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Thread: Official Gameday Thread: Mandate vs. America, Thursday 10 AM

  1. #101
    [QUOTE=quantum;4502999]ok . where does that leave the exemptions? Can someone sue that they didn't get an exemption?

    (btw - thx for legalese translations) :D[/QUOTE]

    To all - you're very welcome, and the appreciation is much appreciated :D

    And no, you can't sue for not being exempted. What would be the grounds?

  2. #102
    [QUOTE=AlwaysGreenAlwaysWhite;4503057]Stephanopolous asked him. See JP's post...[/QUOTE]

    That quote was from months and months before today's ruling.

    I'm asking about now, post-ruling.

  3. #103
    [QUOTE=acepepe;4503053]Me, I'm cancelling my heath insurance.
    Agent, But why?
    Me, because it's $550.00 dollars a month.
    Agent, But it's a great policy.
    Me, I'm going to pay the $650.00 penalty.
    6,600.00 Vs 650.00[/QUOTE]


    It's only a $650 penalty if you have $26,000 or less in household income.

    The Penalty is 2.5% of household income, minimum of $650 and maximum of the cost of a premium.

    That said, unless your household income is $264,000 or more, your penalty will be less than $6,600

  4. #104
    [QUOTE=doggin94it;4503074]It's only a $650 penalty if you have $26,000 or less in household income.

    The Penalty is 2.5% of household income, minimum of $650 and maximum of the cost of a premium.

    That said, unless your household income is $264,000 or more, your penalty will be less than $6,600[/QUOTE]

    But it ("will not be enforced") isn't that what the fcking liar in chief said?

  5. #105
    [QUOTE=acepepe;4503083]But it ("will not be enforced") isn't that what the fcking liar in chief said?[/QUOTE]

    Link?

  6. #106
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    [QUOTE=AlwaysGreenAlwaysWhite;4502924]lol @ Ginsburg and Soto towing the party line...[/QUOTE]

    Same as Scalia, Thomas and Alito.

  7. #107
    [QUOTE=doggin94it;4503074]It's only a $650 penalty if you have $26,000 or less in household income.

    The Penalty is 2.5% of household income, minimum of $650 and maximum of the cost of a premium.

    That said, unless your household income is $264,000 or more, your penalty will be less than $6,600[/QUOTE]

    Household Income?

    Wait just a sec.....

    So if I (an individual) am uninsured, I have to pay 2.5 % of HOUSEHOLD income, even if the other members of my HOUSEHOLD are, in fact, insured?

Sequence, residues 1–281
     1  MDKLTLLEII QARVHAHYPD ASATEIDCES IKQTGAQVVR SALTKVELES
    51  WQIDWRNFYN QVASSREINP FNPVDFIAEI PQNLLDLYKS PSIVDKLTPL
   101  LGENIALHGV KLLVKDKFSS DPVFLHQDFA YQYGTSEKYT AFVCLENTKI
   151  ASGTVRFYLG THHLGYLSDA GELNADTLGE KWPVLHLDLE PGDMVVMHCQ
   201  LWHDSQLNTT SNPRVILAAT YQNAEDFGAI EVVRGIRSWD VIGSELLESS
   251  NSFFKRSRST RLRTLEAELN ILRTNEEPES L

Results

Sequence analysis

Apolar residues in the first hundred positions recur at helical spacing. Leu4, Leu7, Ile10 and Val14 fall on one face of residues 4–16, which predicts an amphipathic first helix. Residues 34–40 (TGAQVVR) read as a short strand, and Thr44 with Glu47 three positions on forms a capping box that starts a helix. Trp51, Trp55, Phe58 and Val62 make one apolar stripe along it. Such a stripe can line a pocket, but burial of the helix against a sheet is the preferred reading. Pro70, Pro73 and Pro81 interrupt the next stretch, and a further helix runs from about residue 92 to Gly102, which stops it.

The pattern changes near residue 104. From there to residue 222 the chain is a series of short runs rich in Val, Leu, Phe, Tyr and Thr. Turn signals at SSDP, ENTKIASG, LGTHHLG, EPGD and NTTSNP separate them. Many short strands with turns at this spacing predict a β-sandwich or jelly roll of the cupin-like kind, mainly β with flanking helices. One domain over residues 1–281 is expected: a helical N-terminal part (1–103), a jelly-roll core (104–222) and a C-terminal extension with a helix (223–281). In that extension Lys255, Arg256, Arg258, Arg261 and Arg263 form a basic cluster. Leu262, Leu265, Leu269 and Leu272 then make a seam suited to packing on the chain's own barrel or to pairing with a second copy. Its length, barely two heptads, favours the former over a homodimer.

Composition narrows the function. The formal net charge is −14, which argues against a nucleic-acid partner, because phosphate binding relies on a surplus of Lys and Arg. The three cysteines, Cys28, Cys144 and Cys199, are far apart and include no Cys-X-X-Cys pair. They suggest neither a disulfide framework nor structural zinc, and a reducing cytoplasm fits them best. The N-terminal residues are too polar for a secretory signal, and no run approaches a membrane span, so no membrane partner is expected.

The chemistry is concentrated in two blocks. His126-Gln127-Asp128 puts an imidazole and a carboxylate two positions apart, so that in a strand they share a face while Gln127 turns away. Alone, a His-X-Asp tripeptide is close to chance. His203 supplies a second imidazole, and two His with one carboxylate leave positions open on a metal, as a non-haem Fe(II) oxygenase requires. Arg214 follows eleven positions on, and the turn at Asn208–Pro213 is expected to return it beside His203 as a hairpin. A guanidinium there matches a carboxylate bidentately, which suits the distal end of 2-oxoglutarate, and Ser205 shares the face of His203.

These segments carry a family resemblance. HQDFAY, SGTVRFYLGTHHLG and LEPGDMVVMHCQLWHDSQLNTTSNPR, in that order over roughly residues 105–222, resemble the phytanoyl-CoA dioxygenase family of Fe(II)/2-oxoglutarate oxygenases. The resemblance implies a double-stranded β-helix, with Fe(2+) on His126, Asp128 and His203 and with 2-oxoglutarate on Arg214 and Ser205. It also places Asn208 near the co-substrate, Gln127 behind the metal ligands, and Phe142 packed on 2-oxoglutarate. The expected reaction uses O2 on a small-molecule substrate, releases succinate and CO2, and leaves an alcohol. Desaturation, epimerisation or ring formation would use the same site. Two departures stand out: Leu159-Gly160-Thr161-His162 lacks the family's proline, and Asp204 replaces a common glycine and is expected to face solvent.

If thats the case, thats both interesting, and damn devious. Penalize one, based on income of all.

  8. #108
    [QUOTE=Warfish;4503065]That quote was from months and months before today's ruling.

    I'm asking about now, post-ruling.[/QUOTE]

    Ah, my mistake. :(

  9. #109
    [QUOTE=Warfish;4503113]Household Income?

    Wait just a sec.....

    So if I (an individual) am uninsured, I have to pay 2.5 % of HOUSEHOLD income, even if the other members of my HOUSEHOLD are, in fact, insured?

    If thats the case, thats both interesting, and damn devious. Penalize one, based on income of all.[/QUOTE]

    That's my understanding, from reports. Would have to see the bill to be sure

  10. #110
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    Individuals whose employers don’t offer minimum essential coverage and whose household incomes are 133–400 percent of the federal poverty level (FPL) will qualify for federal subsidies

    [B]Federal poverty level (FPL)[/B]

    [U]For an individual[/U]
    133% = $14,404
    400% = $43,320

    [U]Family of four[/U]
    133% = $29,326
    400% = $88,200

    [B]Federal subsidies:[/B]
    Generally, individuals will be eligible for subsides in the form of premium tax credits and cost sharing assistance if their household income is 100–400 percent FPL, and their share of employer-offered coverage (if applicable) exceeds 9.5 percent of their household income. Most individuals between 100–133 percent of FPL will be eligible for Medicaid and as such, ineligible for these subsidies. to help them pay their insurance premiums or cost sharing obligations (e.g., co-insurance or co-payments) under a plan they purchase through a state exchange.

    Individuals who do not obtain or retain qualifying health care coverage will be required to pay a penalty as part of their income tax returns. In 2014, the penalty is $95 or 1 percent of the individual’s income, whichever is greater. By 2016, it increases to $695 or 2.5 percent of income. For families, the maximum penalty is three times the per-person flat-dollar penalty. The penalty for dependent children without coverage is half the cost of the individual flat-dollar penalty (e.g., $47.50 in 2014).

    [URL]http://www.larsonallen.com/EFFECT/Breaking_Down_the_Insurance_Requirements_in_Health_Care_Reform.aspx[/URL]
    Last edited by Jungle Shift Jet; 06-28-2012 at 04:49 PM.

  11. #111
    [QUOTE=Jungle Shift Jet;4503155]Individuals whose employers don’t offer minimum essential coverage and whose household incomes are 133–400 percent of the federal poverty level (FPL) will qualify for federal subsidies

    [B]Federal poverty level (FPL)[/B]

    [U]For an individual[/U]
    133% = $14,404
    400% = $43,320

    [U]Family of four[/U]
    133% = $29,326
    400% = $88,200

    [B]Federal subsidies:[/B]